Carthage: The Lost Mediterranean Civilisation
Little remains of the great North African empire that was Rome's most formidable enemy, because, as Richard Miles explains, only its complete annihilation could satisfy its younger rival.
In the spring of 146 bc the North African city-state of Carthage finally fell. After three years of embarrassing setbacks, the Roman army under its new and relatively inexperienced commander, Scipio Aemilianus, had managed to break through the Carthaginian defences and establish an all-important bridgehead at Carthage’s circular war harbour, an engineering masterpiece with capacity for at least 170 ships and ramps to drag the craft to and from the water’s edge.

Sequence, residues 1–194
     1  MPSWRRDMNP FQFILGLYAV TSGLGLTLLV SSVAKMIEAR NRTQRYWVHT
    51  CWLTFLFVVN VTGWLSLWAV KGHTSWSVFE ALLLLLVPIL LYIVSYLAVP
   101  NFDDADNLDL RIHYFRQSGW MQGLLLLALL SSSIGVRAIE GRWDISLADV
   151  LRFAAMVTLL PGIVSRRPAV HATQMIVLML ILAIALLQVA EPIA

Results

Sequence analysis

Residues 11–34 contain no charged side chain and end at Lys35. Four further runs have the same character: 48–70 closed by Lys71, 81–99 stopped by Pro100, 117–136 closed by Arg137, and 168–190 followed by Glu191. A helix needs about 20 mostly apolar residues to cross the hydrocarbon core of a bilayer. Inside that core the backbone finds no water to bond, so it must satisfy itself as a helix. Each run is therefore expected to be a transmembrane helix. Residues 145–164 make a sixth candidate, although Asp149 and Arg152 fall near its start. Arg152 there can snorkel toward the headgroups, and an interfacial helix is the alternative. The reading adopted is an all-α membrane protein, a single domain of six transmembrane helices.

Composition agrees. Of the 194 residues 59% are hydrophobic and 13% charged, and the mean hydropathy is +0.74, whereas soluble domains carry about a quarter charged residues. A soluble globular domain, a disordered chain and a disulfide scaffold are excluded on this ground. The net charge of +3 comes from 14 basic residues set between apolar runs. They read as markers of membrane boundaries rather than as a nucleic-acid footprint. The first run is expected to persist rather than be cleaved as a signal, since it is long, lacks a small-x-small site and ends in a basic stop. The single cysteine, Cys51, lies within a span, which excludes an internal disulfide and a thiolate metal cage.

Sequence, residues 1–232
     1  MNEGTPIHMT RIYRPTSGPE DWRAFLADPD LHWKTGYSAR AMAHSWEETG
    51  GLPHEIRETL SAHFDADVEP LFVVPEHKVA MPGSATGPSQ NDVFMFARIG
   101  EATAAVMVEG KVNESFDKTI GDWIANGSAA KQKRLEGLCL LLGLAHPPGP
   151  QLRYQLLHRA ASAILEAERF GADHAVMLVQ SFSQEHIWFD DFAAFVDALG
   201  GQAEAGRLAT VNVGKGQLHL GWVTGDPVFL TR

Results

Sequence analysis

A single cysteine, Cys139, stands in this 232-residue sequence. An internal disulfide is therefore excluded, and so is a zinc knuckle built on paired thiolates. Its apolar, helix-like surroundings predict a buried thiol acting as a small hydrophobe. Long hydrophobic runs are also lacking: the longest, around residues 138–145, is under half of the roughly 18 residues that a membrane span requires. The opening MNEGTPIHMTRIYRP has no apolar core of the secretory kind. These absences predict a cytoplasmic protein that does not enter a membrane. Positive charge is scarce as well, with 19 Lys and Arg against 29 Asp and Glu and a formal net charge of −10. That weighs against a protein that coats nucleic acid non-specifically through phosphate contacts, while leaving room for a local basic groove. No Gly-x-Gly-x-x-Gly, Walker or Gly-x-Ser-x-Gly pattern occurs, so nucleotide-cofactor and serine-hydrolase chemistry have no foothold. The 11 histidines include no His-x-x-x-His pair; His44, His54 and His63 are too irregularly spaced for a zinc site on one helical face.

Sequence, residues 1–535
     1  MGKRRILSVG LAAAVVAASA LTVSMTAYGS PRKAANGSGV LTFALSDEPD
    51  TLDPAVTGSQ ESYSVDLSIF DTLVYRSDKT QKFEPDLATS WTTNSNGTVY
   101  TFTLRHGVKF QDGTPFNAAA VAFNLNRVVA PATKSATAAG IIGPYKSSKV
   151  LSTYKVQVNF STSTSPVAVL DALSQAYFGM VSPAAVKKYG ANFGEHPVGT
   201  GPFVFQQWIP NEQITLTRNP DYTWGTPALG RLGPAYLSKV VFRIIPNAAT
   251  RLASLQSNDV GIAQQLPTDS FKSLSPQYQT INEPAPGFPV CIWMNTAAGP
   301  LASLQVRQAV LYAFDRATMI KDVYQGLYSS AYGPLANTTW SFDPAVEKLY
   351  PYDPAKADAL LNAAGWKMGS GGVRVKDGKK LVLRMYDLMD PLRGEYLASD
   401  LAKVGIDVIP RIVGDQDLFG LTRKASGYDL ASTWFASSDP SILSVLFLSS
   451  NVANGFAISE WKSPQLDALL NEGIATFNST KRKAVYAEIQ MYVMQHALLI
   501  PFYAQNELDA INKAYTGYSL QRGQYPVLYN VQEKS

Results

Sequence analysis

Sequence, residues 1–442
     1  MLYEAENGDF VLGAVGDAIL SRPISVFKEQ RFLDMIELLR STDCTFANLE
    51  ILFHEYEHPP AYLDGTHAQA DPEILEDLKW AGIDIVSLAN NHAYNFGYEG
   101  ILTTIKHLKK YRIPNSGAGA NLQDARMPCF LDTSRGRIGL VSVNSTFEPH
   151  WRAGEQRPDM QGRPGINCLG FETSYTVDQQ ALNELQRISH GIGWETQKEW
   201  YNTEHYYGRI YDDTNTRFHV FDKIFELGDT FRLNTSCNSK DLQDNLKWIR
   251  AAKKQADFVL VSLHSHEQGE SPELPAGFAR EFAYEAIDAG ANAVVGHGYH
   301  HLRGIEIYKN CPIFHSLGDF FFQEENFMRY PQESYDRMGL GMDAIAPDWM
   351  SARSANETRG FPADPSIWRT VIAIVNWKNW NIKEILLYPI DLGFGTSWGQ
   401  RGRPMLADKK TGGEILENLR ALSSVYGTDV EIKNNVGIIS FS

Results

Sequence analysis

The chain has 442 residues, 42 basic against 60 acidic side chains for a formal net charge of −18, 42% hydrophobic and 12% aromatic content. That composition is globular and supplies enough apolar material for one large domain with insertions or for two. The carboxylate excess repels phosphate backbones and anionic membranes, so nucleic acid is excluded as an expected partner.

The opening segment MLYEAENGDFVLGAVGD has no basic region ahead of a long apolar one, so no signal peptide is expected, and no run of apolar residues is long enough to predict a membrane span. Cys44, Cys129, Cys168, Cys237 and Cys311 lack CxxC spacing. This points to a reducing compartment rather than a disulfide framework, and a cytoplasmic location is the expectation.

This article is available to History Today online subscribers only. If you are a subscriber, please log in.
Please choose one of these options to access this article:
- Purchase an online subscription
- Purchase a print and online subscription
- If you are already a print subscriber, purchase the online archive upgrade
Call our Subscriptions department on +44 (0)20 3219 7813 for more information.
If you are logged in but still cannot access the article, please contact us
- Middle East
- North America
- South America
- Central America
- Early Modern
- 20th Century
- Economic History
- Environmental History
- Food & Drink
- Historical Memory
- Science & Technology